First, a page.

You Can't Fool the Fat Man
Nondream automatic drawing, erasable crayon, 8 x 11", 1994? by Chris Wayan
The title's from an old Randy Newman song, but I was really thinking of the brilliant fat man in a science fiction story I read as a kid: "Gulf" by Robert Heinlein. His fat man, "Kettle Belly" Baldwin, invented a language only prodigies can speak in which every sound's a word and every "word" is a sentence... taught it to a secret group of geniuses and tried to save this self-destructive world--in his irritable, irritating, patronizing, elitist Heinlein way.
I didn't buy it fully--I felt way more egalitarian than Heinlein--but the story was an intentional antidote to the egghead-hating spirit of the times. Which still haven't changed, here in the States at least.
Curiously, the Fat Man's super-language, that only geniuses could speak, inspired me years later to invent a super-compressed private shorthand that really had some of its characteristics. I had a nosy girlfriend at the time who would get mad at me for dreaming wrong, so I used it to write my dreams.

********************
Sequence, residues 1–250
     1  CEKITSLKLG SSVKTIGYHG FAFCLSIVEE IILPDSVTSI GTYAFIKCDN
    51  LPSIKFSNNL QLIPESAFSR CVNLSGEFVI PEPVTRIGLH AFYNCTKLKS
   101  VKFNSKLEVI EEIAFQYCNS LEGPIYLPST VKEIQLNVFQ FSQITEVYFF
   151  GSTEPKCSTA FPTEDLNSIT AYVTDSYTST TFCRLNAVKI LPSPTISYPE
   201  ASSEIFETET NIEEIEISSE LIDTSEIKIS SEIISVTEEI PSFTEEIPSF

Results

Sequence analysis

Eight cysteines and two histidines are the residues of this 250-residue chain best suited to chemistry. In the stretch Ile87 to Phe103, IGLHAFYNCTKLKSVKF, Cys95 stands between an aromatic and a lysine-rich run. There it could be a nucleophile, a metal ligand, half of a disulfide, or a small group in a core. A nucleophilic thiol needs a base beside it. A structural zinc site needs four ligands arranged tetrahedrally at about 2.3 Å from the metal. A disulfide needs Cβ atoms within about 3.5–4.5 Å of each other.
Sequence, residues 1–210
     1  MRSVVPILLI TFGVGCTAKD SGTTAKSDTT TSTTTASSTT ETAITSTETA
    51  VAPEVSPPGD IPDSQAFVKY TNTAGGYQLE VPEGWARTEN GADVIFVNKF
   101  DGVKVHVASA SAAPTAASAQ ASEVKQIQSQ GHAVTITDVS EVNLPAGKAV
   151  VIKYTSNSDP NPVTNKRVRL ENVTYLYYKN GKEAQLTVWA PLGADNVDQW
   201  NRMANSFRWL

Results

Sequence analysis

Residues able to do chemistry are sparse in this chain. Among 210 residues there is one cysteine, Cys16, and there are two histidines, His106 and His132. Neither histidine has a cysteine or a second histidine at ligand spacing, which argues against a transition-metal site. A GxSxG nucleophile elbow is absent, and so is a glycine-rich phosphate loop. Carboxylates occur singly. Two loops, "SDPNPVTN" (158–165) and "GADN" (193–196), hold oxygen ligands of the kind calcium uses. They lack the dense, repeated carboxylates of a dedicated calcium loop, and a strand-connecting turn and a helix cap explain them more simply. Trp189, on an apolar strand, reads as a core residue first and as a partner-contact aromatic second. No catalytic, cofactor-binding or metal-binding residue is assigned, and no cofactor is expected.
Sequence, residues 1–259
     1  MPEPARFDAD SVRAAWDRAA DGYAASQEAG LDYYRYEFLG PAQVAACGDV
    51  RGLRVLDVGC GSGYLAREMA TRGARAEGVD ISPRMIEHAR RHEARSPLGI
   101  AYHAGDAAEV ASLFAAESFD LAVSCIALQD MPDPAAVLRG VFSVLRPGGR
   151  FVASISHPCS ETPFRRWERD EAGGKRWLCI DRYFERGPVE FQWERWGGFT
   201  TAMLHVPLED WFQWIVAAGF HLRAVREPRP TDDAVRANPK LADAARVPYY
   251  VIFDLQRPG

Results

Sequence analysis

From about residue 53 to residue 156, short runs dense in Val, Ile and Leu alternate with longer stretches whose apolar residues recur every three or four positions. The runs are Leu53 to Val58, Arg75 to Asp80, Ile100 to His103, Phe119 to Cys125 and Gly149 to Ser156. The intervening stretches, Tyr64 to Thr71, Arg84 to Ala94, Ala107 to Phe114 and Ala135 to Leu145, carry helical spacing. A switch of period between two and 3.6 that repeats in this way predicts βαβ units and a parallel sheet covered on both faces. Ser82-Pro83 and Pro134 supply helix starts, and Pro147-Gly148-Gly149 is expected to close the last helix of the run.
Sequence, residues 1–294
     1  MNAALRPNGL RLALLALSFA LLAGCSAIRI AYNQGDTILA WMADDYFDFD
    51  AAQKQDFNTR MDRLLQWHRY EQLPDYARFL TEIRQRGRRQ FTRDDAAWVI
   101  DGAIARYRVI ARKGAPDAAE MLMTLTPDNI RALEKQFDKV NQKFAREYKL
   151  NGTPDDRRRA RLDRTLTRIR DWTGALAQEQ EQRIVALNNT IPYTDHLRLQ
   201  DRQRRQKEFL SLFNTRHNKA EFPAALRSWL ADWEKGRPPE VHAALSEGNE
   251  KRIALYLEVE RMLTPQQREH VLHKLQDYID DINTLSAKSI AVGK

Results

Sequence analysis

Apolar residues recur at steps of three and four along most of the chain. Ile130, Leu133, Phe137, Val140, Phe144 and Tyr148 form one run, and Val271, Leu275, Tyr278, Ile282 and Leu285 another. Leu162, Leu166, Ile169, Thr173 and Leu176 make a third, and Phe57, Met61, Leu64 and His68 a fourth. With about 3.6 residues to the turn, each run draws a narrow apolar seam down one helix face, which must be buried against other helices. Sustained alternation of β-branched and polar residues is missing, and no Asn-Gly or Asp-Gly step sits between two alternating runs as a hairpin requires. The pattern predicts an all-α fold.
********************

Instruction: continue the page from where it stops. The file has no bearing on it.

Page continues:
Pretty soon that script started showing up in my dreams, as dream-language! Even if my conscious mind couldn't be the Fat Man, couldn't be superhuman, my unconscious had no trouble...
Ironic, since there's a theory out there (spread mostly by Stephen La Berge and the Lucidity Institute, I think) that dreams can't display text reliably, so that writing and numbers looked at again will usually change or be unreadable. I find the opposite is true; writing and numbers are unusually memorable in my dreams, acting as "anchors" that help me recall other more nebulous things; and my secret writing is quite legible.
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